April is Distracted Driving Awareness Month
Each year, April is recognized as National Distracted Driving Awareness Month.
Throughout the month, the National Highway Traffic Safety Administration (NHTSA) teams up with local law enforcement agencies throughout the state of New Jersey and the country for a nationwide campaign focused on cracking down on distracted driving offenders and spreading awareness about the dangers of distracted driving. The campaign, titled UDrive. UText. UPay., will run through April 21.
Our New Jersey auto accident attorneys are also working to help raise awareness of this important issue, as we have seen the devastating effects of distracted driving accidents.
What is Distracted Driving?
The New Jersey Motor Vehicle Commission’s New Jersey NJTR-1 Crash Report Manual defines a distracted driver as anyone who diverts his or her attention away from the task of driving to focus on another activity. This includes using your hands, eyes or ears to:
- Talk on a cellphone
- Send a text message or email
- Use a GPS or navigation system
- Watch movies or videos
- Reach for an object
- Talk to passengers
- Adjust the sound or radio or choose a new song
- Eat or drink
- Conduct personal grooming
- Smoke a cigarette
- Focus on an insect inside the vehicle
- Focus on something outside of the vehicle
Distracted Driving Statistics
Distracted driving is a serious safety concern that puts everyone on the road in danger. Any moment your eyes are not on the road while driving significantly increases your chance of being involved in a vehicle collision.
Sending or receiving a text message takes a driver’s eyes off the road for an average of 4.6 seconds, during which time a vehicle traveling at 55 mph will have traveled the length of a football field.
According to the Centers for Disease Control (CDC), 3,500 people die as a result of distracted driving every year. That equates to about eight people every day.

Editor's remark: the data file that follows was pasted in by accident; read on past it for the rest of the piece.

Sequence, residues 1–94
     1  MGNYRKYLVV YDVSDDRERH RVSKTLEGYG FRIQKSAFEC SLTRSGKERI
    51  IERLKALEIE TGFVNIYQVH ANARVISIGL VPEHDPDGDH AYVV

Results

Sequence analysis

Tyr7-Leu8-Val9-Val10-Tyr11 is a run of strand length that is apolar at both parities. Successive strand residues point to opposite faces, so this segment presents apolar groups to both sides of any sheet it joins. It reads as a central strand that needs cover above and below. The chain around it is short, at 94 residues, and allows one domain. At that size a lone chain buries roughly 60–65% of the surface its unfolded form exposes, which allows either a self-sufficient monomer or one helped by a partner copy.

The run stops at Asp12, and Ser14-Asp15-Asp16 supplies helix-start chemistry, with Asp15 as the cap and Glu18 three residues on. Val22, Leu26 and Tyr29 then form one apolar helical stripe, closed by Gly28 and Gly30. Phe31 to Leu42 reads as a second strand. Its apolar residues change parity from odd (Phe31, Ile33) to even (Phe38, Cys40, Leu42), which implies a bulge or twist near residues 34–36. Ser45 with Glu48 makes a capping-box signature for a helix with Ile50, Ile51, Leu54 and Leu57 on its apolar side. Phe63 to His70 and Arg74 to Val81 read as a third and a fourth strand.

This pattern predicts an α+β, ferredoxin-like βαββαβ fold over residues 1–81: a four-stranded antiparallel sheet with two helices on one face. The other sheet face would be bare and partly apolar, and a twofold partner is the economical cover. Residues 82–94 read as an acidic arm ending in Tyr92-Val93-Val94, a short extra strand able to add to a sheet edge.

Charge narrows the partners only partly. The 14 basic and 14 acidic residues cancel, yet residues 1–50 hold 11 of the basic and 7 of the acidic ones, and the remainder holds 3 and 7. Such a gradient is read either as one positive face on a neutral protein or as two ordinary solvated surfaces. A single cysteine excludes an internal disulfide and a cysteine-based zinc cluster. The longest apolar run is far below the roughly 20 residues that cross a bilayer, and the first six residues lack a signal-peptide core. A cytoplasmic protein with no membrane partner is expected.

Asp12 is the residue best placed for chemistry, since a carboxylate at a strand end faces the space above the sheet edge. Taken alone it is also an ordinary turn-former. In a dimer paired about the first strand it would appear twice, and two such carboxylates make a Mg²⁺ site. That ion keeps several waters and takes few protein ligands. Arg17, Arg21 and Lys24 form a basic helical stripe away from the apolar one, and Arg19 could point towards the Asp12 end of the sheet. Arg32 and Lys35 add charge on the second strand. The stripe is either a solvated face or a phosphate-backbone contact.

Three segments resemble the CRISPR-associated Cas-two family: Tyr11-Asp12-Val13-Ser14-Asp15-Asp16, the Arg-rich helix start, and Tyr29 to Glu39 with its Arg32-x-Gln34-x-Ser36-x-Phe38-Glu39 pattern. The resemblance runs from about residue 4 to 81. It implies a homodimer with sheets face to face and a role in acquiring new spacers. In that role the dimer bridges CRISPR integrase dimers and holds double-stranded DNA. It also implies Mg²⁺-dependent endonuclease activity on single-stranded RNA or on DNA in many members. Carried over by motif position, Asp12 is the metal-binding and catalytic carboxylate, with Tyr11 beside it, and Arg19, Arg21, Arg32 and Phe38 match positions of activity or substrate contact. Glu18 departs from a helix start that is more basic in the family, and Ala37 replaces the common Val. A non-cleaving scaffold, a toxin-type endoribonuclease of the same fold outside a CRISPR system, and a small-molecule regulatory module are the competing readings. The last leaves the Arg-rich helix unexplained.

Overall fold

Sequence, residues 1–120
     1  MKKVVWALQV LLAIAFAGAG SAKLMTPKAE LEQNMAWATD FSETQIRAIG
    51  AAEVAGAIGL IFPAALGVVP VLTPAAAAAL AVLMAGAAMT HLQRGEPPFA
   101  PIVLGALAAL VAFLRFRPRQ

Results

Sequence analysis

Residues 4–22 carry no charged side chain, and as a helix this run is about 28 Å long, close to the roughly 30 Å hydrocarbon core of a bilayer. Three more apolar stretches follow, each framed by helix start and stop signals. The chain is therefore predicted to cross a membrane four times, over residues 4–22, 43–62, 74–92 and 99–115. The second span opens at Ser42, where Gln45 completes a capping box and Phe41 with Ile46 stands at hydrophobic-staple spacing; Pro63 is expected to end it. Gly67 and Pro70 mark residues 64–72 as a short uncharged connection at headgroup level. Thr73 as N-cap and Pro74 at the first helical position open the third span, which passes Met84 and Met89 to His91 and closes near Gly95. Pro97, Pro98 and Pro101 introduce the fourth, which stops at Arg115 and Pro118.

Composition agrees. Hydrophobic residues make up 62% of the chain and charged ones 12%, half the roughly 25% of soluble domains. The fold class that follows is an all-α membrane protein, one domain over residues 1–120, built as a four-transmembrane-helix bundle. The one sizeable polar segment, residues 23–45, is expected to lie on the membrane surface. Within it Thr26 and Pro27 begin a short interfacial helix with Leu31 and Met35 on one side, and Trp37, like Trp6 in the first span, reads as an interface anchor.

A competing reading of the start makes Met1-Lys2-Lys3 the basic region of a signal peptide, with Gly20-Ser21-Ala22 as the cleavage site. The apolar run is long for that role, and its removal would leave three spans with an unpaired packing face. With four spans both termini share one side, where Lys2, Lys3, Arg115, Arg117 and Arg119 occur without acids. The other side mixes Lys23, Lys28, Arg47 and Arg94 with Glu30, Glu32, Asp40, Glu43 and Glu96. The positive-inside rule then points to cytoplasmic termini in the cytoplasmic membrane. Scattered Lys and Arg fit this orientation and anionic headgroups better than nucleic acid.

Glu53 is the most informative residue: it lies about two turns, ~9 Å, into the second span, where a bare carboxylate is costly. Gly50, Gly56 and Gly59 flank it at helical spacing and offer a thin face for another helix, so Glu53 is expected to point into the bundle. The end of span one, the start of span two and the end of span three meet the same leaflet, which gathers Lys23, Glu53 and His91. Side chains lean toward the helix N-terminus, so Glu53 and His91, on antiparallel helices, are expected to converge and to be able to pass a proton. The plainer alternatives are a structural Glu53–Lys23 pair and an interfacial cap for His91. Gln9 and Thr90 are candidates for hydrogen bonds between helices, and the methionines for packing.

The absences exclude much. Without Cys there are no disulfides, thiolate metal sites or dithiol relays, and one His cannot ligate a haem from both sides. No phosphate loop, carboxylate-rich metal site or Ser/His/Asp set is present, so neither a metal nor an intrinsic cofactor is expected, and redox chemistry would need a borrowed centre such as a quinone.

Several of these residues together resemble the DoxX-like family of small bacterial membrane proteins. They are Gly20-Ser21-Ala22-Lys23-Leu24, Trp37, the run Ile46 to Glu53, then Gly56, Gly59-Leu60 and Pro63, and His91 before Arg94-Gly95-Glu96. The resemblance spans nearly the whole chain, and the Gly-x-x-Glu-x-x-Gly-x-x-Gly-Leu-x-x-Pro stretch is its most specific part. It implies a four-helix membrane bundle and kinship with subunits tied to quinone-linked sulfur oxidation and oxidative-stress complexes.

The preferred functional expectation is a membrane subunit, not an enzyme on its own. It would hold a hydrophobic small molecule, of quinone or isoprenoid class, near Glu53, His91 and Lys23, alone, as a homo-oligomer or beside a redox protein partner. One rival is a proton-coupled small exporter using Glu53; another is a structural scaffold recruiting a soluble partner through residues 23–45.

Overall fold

Although distracted driving can involve a number of activities, cellphone use is the most common form of distraction for U.S. drivers, according to the NHTSA.
A report from Cambridge Mobile Telematics shows that cell phone use behind the wheel is more prevalent since the start of the pandemic in 2020 when it increased by 18 percent. In 2022, distractions behind the wheel increased by 30 percent.
Teens and young millennial drivers are the worst offenders. The AAA Foundation for Traffic Safety found that 88 percent of young millennials admitted to texting and driving, speeding, or running red lights in the 30 days prior to the study.
New Jersey Distracted Driving Penalties
In 2013, New Jersey stiffened its existing distracted driving penalties and amended N.J.S.A. 39:4-97.3 to increase the fines and other penalties for talking or texting on a handheld wireless electronic communication device while driving. The law went into effect in July 2014.
It is considered a primary offense for a driver to talk or send a text message on a cell phone while driving. This means a police officer can pull a driver over and issue a citation if the driver is seen using a cell phone while behind the wheel.
The penalties for using a cell phone while driving include the following:
- First offense: $200 to $400 fine
- Second offense: $400 to $600 fine
- Third offense or subsequent violation: $600 to $800 fine
The only situation in which a driver may use a cell phone while driving with one hand on the wheel is if he or she fears for his or her life or safety or if he or she is reporting an emergency to the appropriate authorities. This can include reporting a fire, traffic crash, serious road hazard, drunk driver, reckless or careless driver, or medical emergency.
Tips to Avoid Distracted Driving
With the widespread prevalence of distracted driving, it is more important than ever that drivers take the time to ensure safety while behind the wheel. Some of the best tips for preventing distracted driving include:
- Stay committed to putting your full focus on the task of driving and not letting anything divert your attention away from that task.
- Make any necessary adjustments before you begin your trip, such as setting your GPS, setting the temperature of the vehicle or the radio and sound level, and adjusting your seat or mirror.
- Store loose objects that could become a distraction if they move during transit in a secure place.
- Limit the number of passengers in your vehicle. If your children, pets or other passengers need your attention while you are driving, pull off to the side of the road to safely care for them.
- Put aside all electronic devices and do not touch them while driving. Pull to the side of the road if you need to make a call or send an email or text message.
- Do not eat, brush your hair, do your makeup or engage in other grooming activities while behind the wheel.
If you have been injured or lost a loved one in a crash caused by a distracted driver, you may have legal options. Schedule a free, no-obligation consultation with one of our attorneys at Lynch Law Firm, PC to find out if you are entitled to compensation for medical bills, pain and suffering, lost wages, or more.
Call (800) 518-0508 for help with your claim today.